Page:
Would you rather everyone go around using PM and getting confused with power management?


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 Post subject:
PostPosted: Mon Mar 22, 2010 5:39 pm 
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Monkeh16 wrote:
Would you rather everyone go around using PM and getting confused with power management?


Personally I'd rather drop the TLAs and just say Port Muliplier and Power Management.

I was just hoping you knew why they picked the P as the TL for that A.

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 Post subject:
PostPosted: Tue Mar 23, 2010 1:57 am 
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dhanson865 wrote:
Monkeh16 wrote:
Would you rather everyone go around using PM and getting confused with power management?


Personally I'd rather drop the TLAs and just say Port Muliplier and Power Management.

I was just hoping you knew why they picked the P as the TL for that A.


What else would you use? Personally, I'd rather people just learn the TLAs for the subject they choose to discuss. ;)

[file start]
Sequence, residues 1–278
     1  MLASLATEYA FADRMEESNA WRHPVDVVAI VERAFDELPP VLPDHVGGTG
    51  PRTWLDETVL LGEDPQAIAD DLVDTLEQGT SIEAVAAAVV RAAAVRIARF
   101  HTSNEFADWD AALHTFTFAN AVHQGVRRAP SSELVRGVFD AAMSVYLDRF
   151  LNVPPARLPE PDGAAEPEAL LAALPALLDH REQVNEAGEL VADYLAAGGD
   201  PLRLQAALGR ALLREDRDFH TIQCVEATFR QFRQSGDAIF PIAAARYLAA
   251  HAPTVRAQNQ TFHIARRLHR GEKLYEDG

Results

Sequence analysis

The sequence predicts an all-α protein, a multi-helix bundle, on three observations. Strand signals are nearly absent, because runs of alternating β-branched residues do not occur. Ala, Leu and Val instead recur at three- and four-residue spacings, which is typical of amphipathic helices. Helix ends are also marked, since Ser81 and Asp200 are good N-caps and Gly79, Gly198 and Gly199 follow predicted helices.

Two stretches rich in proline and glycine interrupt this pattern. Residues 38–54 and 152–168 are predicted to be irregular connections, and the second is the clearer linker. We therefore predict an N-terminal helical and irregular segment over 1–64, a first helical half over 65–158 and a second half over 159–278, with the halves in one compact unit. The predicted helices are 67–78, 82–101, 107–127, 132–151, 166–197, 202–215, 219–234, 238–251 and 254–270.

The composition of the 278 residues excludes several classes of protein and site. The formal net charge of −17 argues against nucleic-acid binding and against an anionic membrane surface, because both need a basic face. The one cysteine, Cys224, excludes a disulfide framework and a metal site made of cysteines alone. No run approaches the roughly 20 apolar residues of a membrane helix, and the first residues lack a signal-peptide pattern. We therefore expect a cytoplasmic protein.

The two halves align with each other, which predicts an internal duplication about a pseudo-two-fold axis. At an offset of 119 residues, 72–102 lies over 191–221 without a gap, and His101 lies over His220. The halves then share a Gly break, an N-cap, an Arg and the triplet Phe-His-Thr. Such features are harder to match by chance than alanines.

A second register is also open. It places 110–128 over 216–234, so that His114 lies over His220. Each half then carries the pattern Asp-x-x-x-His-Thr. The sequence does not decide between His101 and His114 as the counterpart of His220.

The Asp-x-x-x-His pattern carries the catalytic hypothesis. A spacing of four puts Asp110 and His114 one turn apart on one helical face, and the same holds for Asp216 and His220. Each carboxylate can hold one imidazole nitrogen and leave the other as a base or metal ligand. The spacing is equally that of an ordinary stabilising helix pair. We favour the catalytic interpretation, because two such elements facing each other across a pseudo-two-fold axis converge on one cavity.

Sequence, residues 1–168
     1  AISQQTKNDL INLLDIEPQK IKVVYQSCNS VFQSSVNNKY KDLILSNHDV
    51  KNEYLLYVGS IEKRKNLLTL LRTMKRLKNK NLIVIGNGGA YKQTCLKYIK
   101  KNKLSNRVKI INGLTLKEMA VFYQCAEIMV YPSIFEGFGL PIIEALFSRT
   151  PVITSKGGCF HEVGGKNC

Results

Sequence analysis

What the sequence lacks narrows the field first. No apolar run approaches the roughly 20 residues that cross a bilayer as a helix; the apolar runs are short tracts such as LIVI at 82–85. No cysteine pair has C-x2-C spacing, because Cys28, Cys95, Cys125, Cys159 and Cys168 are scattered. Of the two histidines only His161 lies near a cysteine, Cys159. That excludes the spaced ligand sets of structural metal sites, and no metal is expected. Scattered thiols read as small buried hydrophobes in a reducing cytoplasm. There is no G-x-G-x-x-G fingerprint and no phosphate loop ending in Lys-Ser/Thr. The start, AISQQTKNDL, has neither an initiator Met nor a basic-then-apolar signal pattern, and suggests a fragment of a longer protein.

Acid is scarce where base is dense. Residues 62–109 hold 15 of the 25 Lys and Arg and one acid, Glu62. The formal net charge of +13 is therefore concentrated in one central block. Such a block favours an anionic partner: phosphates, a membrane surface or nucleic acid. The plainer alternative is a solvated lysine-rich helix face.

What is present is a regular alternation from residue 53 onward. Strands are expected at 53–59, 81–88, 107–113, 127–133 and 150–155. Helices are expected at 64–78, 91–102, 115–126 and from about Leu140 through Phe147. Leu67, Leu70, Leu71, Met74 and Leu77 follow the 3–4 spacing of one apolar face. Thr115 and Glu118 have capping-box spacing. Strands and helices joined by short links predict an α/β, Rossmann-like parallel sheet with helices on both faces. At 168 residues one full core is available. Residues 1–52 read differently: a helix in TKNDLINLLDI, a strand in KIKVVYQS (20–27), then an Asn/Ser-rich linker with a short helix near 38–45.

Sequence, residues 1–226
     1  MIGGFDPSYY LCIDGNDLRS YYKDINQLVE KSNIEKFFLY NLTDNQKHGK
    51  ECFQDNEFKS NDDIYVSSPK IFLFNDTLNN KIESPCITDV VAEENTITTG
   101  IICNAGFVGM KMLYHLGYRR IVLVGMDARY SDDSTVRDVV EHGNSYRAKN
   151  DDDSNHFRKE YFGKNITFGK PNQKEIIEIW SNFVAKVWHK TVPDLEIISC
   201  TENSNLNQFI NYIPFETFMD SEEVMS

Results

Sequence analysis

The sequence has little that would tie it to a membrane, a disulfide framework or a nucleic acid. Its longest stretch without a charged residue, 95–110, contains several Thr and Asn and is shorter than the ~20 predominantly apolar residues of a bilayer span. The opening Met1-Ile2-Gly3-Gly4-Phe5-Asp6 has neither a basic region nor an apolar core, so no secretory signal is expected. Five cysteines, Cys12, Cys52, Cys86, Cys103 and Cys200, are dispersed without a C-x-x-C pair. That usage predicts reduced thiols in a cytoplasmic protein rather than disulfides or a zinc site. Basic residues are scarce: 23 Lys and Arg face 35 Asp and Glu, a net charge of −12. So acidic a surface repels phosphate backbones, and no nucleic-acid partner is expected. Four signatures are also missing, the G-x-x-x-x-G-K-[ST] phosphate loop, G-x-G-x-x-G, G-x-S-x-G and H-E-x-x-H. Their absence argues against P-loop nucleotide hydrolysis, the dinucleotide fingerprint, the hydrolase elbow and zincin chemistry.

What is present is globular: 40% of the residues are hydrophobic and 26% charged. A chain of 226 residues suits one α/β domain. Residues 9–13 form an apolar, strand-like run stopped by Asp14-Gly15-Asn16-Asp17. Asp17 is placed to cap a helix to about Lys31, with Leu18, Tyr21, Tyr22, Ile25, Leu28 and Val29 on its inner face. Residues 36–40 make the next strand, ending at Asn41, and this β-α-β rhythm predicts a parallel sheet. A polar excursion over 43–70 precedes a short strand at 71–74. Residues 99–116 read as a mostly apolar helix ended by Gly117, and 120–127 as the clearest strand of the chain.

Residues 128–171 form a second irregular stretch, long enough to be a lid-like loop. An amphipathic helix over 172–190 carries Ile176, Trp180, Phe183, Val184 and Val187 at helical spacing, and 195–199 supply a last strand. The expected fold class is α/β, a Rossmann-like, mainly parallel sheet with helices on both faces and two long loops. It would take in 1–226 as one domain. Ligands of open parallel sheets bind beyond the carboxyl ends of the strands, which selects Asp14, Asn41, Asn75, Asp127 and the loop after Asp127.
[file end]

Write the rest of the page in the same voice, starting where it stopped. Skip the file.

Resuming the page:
Anyway, what I forgot to mention in my previous posts is eSATA. Few systems provide more than one port, which makes PMPs important, and 3Gbps a bottleneck. Unfortunately SATA 3.1 isn't out with that just yet.


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 Post subject:
PostPosted: Tue Mar 23, 2010 2:09 pm 
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SATA 3.1? Snap, I thought eSATA 6 GB/s was in 3.0. That is stupid. So all these motherboards with 6GB/s sata controllers may need add in cards to be 6GB/s compliant for eSATA?

Yet another reason to just buy a 785G or 770 motherboard and add a SATA 3.x card down the road. I'll wait. Thanks for the heads up.

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 Post subject:
PostPosted: Tue Mar 23, 2010 5:06 pm 
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dhanson865 wrote:
SATA 3.1? Snap, I thought eSATA 6 GB/s was in 3.0. That is stupid. So all these motherboards with 6GB/s sata controllers may need add in cards to be 6GB/s compliant for eSATA?

Yet another reason to just buy a 785G or 770 motherboard and add a SATA 3.x card down the road. I'll wait. Thanks for the heads up.


So far as I know, eSATA 6Gb/s isn't in 3.0, and is waiting for 3.1. Any current eSATA controllers offering 6Gb/s will likely not be compliant with the final spec.